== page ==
Learn more about our wheat

wheat varieties

hard or soft, red or white, winter or spring?

After eons of farmers and then scientists isolating and encouraging the genetic development of more “user friendly” characteristics, there are over 30,000 varieties of wheat today, each with its own merits. Most simply, we can classify current wheat varieties as some combination of each of the following: hard or soft, red or white, winter or spring.

Hard wheat
has a higher protein content than soft wheat and thus produces more gluten, the elastic component of a dough that can capture and hold carbon dioxide (CO2). Therefore, hard wheat is critical for yeast-leavened baked goods, but is also appropriate for a wide range of baking.
Hard winter wheat
is planted in the fall, mainly in Texas, Oklahoma, Kansas, Nebraska, and other prairie states. It grows until it's about five inches tall, and then with the onset of winter and cold weather, it becomes dormant under snow cover, and continues growing the following spring. It's harvested in late spring and early summer. The protein content of hard winter wheat ranges between 10–12%.
Hard spring wheat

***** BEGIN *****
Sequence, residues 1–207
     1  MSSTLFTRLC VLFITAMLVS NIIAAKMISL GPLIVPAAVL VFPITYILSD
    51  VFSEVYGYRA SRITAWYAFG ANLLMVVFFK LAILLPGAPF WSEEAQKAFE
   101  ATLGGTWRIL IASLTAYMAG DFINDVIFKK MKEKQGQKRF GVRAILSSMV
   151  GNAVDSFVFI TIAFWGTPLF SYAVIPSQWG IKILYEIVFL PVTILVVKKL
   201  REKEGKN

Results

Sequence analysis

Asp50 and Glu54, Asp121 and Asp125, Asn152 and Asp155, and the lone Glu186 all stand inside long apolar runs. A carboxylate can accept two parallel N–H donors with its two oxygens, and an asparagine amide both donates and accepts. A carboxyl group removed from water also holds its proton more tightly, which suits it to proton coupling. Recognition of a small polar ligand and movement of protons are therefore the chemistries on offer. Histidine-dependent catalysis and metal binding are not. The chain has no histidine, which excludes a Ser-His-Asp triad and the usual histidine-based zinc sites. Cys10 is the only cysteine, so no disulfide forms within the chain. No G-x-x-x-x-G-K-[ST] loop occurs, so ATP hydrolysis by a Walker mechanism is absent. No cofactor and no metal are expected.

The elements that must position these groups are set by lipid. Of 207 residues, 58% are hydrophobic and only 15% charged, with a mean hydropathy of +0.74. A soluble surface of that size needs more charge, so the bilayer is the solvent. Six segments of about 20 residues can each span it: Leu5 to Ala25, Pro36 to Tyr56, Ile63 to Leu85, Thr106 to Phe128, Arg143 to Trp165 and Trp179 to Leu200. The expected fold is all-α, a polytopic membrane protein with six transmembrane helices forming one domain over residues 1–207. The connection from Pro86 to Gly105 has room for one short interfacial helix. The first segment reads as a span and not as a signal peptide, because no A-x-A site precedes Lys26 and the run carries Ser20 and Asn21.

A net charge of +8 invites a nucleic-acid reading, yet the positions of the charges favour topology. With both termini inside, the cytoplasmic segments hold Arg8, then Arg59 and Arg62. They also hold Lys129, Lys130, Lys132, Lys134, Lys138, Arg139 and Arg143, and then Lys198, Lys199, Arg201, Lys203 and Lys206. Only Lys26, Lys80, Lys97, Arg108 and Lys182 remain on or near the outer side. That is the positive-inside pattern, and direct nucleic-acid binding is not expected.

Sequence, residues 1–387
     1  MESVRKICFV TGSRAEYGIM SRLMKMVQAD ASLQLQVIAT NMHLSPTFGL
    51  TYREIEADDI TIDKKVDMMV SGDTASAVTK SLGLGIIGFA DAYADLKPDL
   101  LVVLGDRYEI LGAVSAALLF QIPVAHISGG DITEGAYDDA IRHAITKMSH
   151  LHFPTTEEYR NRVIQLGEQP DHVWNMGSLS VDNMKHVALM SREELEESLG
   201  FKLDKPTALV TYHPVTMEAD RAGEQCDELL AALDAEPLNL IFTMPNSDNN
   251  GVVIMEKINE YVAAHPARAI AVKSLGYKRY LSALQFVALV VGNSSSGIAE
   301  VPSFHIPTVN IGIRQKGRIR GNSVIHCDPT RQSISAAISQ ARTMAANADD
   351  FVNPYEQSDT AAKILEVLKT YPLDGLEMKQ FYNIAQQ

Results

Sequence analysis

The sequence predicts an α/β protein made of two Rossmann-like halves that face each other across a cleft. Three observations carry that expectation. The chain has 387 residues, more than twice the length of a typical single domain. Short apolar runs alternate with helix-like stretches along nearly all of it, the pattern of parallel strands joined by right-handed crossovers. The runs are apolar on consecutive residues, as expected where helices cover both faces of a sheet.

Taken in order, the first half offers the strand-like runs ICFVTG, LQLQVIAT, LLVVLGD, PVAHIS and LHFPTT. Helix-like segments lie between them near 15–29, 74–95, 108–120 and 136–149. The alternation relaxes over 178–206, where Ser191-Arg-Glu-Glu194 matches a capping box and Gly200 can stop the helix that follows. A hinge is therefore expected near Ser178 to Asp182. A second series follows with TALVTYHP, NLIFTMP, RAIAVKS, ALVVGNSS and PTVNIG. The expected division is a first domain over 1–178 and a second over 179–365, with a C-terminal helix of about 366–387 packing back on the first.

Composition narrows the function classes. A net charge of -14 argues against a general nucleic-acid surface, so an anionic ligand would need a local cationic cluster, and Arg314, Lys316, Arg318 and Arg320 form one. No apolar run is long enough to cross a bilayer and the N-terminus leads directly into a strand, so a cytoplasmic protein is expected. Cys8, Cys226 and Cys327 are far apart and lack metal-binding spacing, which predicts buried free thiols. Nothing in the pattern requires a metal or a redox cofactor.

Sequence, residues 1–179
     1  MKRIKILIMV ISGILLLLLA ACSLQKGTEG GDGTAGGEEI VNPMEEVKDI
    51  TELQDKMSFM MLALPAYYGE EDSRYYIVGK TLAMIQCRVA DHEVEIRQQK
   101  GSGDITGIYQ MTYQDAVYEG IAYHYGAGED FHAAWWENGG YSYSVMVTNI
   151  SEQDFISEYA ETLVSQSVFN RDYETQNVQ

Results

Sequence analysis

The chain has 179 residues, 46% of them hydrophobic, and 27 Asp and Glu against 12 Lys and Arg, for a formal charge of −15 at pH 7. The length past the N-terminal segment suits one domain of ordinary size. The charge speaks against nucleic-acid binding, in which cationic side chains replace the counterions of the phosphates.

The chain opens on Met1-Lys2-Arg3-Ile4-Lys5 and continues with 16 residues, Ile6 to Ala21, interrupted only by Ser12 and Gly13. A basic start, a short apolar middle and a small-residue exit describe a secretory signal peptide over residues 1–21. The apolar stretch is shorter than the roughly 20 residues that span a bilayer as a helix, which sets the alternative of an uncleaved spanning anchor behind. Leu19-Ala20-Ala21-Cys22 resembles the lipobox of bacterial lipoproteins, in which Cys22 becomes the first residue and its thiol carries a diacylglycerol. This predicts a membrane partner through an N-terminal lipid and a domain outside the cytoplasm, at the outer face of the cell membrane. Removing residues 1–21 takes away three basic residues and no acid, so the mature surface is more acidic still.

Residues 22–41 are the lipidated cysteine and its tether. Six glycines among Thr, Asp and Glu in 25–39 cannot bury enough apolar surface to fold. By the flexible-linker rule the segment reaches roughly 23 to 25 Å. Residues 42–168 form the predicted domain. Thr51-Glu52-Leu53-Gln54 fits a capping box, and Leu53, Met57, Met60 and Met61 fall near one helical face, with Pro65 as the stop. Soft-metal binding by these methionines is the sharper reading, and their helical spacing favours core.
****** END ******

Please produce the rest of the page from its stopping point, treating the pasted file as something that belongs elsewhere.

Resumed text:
grows predominantly in the Dakotas, Minnesota, and Montana, as well as in Canada, where the climate is more severe. It's planted in the spring and harvested in late summer and early fall. Generally, the farther north you go, the more spring wheat you'll find and the greater the levels of protein—generally 12–14%.
Soft wheat
has a larger percentage of carbohydrates and thus less gluten-forming protein. Soft wheat can be red or white, and is almost always winter wheat. Soft winter wheat is grown primarily east of the Mississippi, from Missouri and Illinois east to Virginia and the Carolinas in the South and New York in the North. There are also important crops of soft white wheat in the Pacific Northwest. Soft wheat is used to make cake and pastry flour.

the color of wheat

heart of the wheat berry

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